“Trick or Treat!”
they shout
as the door opens
and they hold open their bags.

“I’ve got the treats.
What trick or song or dance or joke or riddle can you give?” 

Happy faces on accompanying parents.

And then the jokes come.
The dancing feet tap.
The songs erupt.
The riddles come forth:
“Why is a seagull called a seagull?
Because it flies over the sea
and if it flew over a bay
it would be called a bagel.”

A little girl, about three
recites her numbers in Spanish.
A little boy says
“I remember you and this house.
I’ve got my joke ready for you!” 

And he did!

In some parts of the world, this night begins
the ancient Christian three-day observance of Allhallowtide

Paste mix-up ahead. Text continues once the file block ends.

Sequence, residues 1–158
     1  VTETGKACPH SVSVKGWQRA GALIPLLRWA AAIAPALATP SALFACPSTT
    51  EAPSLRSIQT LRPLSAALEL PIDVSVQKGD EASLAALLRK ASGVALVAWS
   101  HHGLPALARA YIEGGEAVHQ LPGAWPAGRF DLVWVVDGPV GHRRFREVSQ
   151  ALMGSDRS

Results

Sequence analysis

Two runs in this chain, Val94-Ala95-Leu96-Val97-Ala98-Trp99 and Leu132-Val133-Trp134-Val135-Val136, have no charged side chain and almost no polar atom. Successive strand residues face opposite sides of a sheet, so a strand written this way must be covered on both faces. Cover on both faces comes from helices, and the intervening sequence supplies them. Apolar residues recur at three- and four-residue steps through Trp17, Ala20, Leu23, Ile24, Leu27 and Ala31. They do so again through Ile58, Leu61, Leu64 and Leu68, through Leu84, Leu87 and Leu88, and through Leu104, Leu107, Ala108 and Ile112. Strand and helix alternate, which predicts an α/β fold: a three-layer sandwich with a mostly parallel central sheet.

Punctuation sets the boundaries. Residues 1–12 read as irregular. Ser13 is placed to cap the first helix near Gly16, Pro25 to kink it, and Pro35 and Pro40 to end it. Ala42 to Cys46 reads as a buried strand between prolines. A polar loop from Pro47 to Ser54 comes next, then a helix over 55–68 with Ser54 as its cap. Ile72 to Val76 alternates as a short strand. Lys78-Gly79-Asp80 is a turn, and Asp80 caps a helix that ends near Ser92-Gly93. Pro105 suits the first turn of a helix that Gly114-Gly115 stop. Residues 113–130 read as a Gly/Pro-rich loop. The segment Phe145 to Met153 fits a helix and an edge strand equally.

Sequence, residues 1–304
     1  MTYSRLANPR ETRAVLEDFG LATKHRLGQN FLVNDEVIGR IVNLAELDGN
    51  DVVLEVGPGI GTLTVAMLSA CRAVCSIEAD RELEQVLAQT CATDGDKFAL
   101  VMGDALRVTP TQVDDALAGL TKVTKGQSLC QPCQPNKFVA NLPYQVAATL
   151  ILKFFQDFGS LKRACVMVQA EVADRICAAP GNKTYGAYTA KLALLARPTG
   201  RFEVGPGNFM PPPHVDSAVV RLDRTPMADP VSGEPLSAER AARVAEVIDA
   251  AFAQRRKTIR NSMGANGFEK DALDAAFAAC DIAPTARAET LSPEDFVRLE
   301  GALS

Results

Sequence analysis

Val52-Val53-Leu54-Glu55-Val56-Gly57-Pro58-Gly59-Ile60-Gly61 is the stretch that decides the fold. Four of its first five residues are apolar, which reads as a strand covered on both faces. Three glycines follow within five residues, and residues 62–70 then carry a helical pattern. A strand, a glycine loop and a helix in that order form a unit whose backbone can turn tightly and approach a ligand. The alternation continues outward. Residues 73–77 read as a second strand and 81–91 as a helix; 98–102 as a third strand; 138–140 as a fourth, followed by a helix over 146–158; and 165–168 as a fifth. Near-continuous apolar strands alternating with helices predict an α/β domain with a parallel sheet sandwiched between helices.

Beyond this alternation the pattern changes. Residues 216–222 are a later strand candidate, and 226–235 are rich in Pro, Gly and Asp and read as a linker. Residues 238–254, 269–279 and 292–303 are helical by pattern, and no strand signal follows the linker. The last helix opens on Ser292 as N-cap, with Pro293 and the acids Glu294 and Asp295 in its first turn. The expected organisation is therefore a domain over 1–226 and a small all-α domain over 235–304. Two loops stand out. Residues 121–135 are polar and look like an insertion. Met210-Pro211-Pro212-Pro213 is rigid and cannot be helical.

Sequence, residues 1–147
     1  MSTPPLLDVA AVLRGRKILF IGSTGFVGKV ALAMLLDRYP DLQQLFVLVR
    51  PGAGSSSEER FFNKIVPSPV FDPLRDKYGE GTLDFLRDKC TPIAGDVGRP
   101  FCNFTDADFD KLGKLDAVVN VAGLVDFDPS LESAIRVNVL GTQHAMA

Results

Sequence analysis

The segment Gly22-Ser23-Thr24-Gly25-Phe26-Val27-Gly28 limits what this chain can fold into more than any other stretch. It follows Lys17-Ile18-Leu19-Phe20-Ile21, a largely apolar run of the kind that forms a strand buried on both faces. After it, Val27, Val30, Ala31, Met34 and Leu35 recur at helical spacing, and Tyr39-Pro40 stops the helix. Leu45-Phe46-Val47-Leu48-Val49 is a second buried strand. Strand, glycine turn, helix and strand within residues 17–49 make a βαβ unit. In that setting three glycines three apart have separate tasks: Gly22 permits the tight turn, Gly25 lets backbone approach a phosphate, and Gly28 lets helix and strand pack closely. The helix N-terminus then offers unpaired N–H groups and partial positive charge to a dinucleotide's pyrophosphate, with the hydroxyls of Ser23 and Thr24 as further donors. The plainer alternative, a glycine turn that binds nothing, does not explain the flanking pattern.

predated from Celtic harvest festivals such as Samhain
designed as a time to remember those who have died.

For some, Hallowe’en is a secular celebration
… trick-or-treating
… carving pumpkins
… apple bobbing
… visiting haunted attractions.


For some, it’s part of their Christian religious observance
… attending church services on All Saints Day
… lighting candles in remembrance of loved ones
… visiting graves.

Whether secular or religious
Hallowe’en is a reminder that
death is a reality for all
and reminder that death need not be feared.

As the children leave with treats in their bags
… and smiles on their faces
I close the door
turn out the lights
reflect on the innocence
the wonder
the fun of the night
in the faces of the children and their accompanying parents.

I extinguish the candle
inside the zendoodled pumpkin
with a wee prayer of gratitude
that a spirituality of play is still celebrated
as “shadows of a thousand years
rise again, unseen
and voices whisper in the trees
“tonight it’s All Hallow’s Eve!”



Photo & Text © June Maffin

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